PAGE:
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When the dust settles, who will the Crusaders have left?

By Ned Lester
Codie Taylor, Sevu Reece and Scott Barrett of the Crusaders. Photos by Joe Allison/Getty Images, Hannah Peters/Getty Images and Kai Schwoerer/Getty Images.

While headline departures have steered the narrative around the Crusaders’ falloff thus far, it appears there are chapters yet to be written in this tale.

Some elite succession planning consistently fed Scott Robertson’s dynastic run over the past seven years, but that luxury looks to be making way for a more traditional rebuild of rostered talent, something heightened by recent reports.

Of course, the promotion of Scott Robertson to All Blacks head coach along with some of his most successful Crusaders assistants has left the club with some almighty shoes to fill off the pitch, while on the green stuff, the absences of Sam Whitelock, Richie Mo’unga and Leicester Faina’anuku continue to prove difficult to overcome.

Over the past couple of weeks, the names of two more All Blacks and the future of the Crusaders’ No. 10 jersey have also appeared in reports suggesting their days in a red and black jersey are numbered.

RugbyPass revealed dynamic winger and perhaps the team’s best player so far this season, Sevu Reece, has been in talks with Montpellier in France and could be Europe-bound by the end of the year.

RugbyPass also reported that flyhalf Fergus Burke is in advanced talks with Saracens and may well join the Gallagher Premiership powerhouse before 2025 comes to pass.

85-Test hooker Codie Taylor’s contract ends in 2025 and he was spotted in Japan recently, reportedly having talks with Toshiba Brave Lupus where he could join Mo’unga in Rugby League One.

With such big names likely on their way out the door, the Crusaders’ future becomes a little clearer; younger, and clearer.

But is that all? Would those departures draw the curtain closed on this fabled exodus, leaving a sizeable core of champions to raise the incoming Crusaders talent?

Well, one thing those three potential departures do tell us – as well as Mo’una and Fainga’anuku’s – is that the Crusaders jersey may not carry the same weight in appeal as it did with their generational coach at the helm.

Sam Whitelock was among a number of Crusaders who openly claimed playing for the Crusaders meant more to him than playing for the All Blacks – a statement that shouldn’t be seen as undermining the black jersey, but as an endorsement of the culture and connection Robertson fostered at the club.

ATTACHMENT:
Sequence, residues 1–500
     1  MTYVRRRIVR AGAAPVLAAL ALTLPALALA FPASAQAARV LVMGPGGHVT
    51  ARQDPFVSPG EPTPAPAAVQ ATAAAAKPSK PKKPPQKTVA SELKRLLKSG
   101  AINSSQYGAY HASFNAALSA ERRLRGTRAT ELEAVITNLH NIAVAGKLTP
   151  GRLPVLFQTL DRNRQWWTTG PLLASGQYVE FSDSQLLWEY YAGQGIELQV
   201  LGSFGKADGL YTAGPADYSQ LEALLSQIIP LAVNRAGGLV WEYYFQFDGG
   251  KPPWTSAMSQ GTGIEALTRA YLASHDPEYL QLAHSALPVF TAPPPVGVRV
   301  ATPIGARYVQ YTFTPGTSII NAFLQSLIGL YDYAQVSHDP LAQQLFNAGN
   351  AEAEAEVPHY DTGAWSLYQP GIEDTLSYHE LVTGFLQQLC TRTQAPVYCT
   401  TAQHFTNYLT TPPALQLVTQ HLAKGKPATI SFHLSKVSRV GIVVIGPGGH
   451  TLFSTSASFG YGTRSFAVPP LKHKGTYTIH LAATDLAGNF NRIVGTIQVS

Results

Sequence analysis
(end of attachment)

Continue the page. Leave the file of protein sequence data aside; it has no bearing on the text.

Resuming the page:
There are several players who may feel it’s time for a change given the revised Super Rugby landscape and what may end up being a new direction at the international level too.

Joe Moody, 35, will see his contract end this year and given his blunt, disappointed response to missing Rugby World Cup selection last year, may be ready to make some money offshore.

Mitch Drummond, 30, could also find himself a tastier contract in Japan once his contract is concluded later this year.

David Havili, 29, is signed until 2025, but is facing increased pressure in the midfield from Dallas McLeod, having already lost his spot in the All Blacks to Jordie Barrett; not the most ideal situation for him to want to re-sign.

George Bower, 31, will also be off contract at the end of 2025. Halfback Willi Heinz is 37.

It’s the circle of sporting life having these players leave, and at this point, it may be considered necessary.


There must be a concern that the team have been caught in denial over the significance of their recent departures, and find themselves in an awkward hangover with the internal expectations to continue the success of recent years while adopting new personnel and IP.

However, we’ve seen this movie before, and two is the magic number.

In 2015, Richie McCaw and Dan Carter were wrapping up two of the greatest Super Rugby careers in the competition’s history.

McCaw, a four-time Super Rugby champion, was inevitably seen as irreplaceable and his status as a rugby icon and All Blacks captain was a generational loss for the team.

Similarly, the loss of Carter, a man synonymous with excelling under pressure, was projected to put the team in a hugely vulnerable position in those late-game situations moving forward.

Those concerns would quickly be rendered unwarranted as the Crusaders won the 2017 title, two years later.

Just two years were needed to kickstart a new dynasty, inspired by a new coach and new talent.

Two years from now, the Crusaders may well have moved on from the aforementioned players, be in a brand-new stadium, Rob Penney’s contract will have expired – if he makes it that far – making way for Robertson’s prodigy in Tamati Ellison, and a new batch of talent – who recently claimed the U20 Super Rugby crown – will be filtering in.

They say lightning never strikes the same place twice, but don’t tell the Crusaders.


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1 Comment
Bruce 113 days ago

Don’t worry about the Crusaders they have some great talent coming through.

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